Thursday, November 1, 2012

The cat lay on the parsnips and leeks

My husband has a veggie garden.  It is primarily for the production of tomatoes and zucchinis (T&Zs).  We love T&Zs though things get a little torrid in a heatwave.  In one particularly bad year, after the 20th kilo of Tommy Toes came in to the kitchen, I ordered the husband to pull out the plants.  The larger tomatoes were coming in by then and those little devils were driving me crazy.

I have a book of collected T&Z recipes, each recipe using at least a kilo of either or both.  In a hot week I have a lot more than 7 kg of each to dispose of.  Chutney, anyone?  Alternately, I have spread a wave of culinary mystery around work as I give people yellow bobbly zucchinis shaped like a slumped pear with the instructions that you can fry em or stuff em and bake em and they taste like peanuts.*You might be able to steam them but I suspect wet, peanutty sludge would result.

Ye gads - are they aliens?
Then there was last year's pumpkin crop.  It was a wet year and aside from the twenty-five 2 kg doobies we ate over winter, there was a rogue Queensland Blue that self-seeded in a fertile spot beside the vegie patch.  It roamed around the garden for months leaving 12 kg rocks of pumpkiny goodness as it went  Now if you cut a kilo off a 12 kg monster and use it in a soup, you have 11 kgs of pumpkin to go.  This takes up the entire milk shelf in the fridge.  No milk.  Further, do you think you can use it up the rest in a week before it goes funny?

We gazed at the beasts drying in a row under the clothes line and made the big decision.  I called a food charity to come and get 60 kg of pumpkin.  They seemed pleased about it.  Good luck with that.  Delicious to eat but try an axe.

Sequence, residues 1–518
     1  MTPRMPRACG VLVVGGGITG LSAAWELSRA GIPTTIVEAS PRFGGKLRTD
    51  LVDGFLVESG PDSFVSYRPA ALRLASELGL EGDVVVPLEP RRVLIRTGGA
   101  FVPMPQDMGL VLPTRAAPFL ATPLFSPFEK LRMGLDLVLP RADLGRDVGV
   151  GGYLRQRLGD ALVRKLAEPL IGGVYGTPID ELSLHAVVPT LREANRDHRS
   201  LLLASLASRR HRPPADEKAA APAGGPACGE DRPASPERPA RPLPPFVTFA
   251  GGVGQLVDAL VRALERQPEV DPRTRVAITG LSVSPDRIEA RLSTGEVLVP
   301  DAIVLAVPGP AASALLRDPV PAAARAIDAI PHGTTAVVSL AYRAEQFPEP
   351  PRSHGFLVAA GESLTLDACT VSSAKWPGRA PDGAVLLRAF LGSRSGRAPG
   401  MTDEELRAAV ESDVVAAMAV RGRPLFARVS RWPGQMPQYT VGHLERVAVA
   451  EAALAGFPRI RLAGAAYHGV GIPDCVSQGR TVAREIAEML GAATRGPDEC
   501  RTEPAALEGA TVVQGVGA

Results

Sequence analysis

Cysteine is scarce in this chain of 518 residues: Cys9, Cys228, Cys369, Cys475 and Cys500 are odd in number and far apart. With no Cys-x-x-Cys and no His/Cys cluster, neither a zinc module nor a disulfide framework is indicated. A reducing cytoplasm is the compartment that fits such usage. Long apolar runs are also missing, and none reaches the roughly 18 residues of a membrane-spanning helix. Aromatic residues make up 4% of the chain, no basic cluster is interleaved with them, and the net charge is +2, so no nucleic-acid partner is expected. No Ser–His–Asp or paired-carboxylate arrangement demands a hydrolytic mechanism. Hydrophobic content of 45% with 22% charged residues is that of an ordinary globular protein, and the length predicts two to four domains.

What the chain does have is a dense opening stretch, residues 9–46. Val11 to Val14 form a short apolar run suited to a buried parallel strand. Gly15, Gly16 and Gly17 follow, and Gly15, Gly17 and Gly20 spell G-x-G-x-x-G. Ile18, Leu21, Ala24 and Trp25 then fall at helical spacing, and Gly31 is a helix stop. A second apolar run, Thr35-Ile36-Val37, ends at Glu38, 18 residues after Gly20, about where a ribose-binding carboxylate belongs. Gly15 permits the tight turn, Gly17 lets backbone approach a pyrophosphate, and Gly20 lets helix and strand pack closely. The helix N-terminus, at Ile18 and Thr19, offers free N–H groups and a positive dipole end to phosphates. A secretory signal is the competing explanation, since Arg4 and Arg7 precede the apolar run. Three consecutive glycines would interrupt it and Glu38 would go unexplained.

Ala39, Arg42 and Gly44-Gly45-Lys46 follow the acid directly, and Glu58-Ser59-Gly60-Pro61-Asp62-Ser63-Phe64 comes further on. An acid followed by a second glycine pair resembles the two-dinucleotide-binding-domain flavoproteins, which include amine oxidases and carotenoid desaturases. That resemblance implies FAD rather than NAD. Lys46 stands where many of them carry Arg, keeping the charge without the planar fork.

Being spring, the garden has just been planted with a range of things.  It has a net to discourage the birds from pecking up seedlings and stealing the worms.  The net also keeps the cabbage moths from laying eggs so the seedlings aren't decimated by green caterpillars.

If we had a serious bird or possum problem the net would not really help but the mulberry tree is a sacrificial anode for the vegies and raspberries.  You do get a fair bit of sloppy pink poo about though.  It goes through a digestive tract pretty quickly, a mulberry diet.

Now the cat has a special skill.  She can lift things and sneak under.  This can make walking around the house at night tricky as she may well be skulking under a rug.  Needless to say, her adept little paws have no problem with with a light net.  She likes to lay.  The seedlings are tiny.  Poor husband.
Cat practicing stealth
*Technically a yellow crookneck bush squash.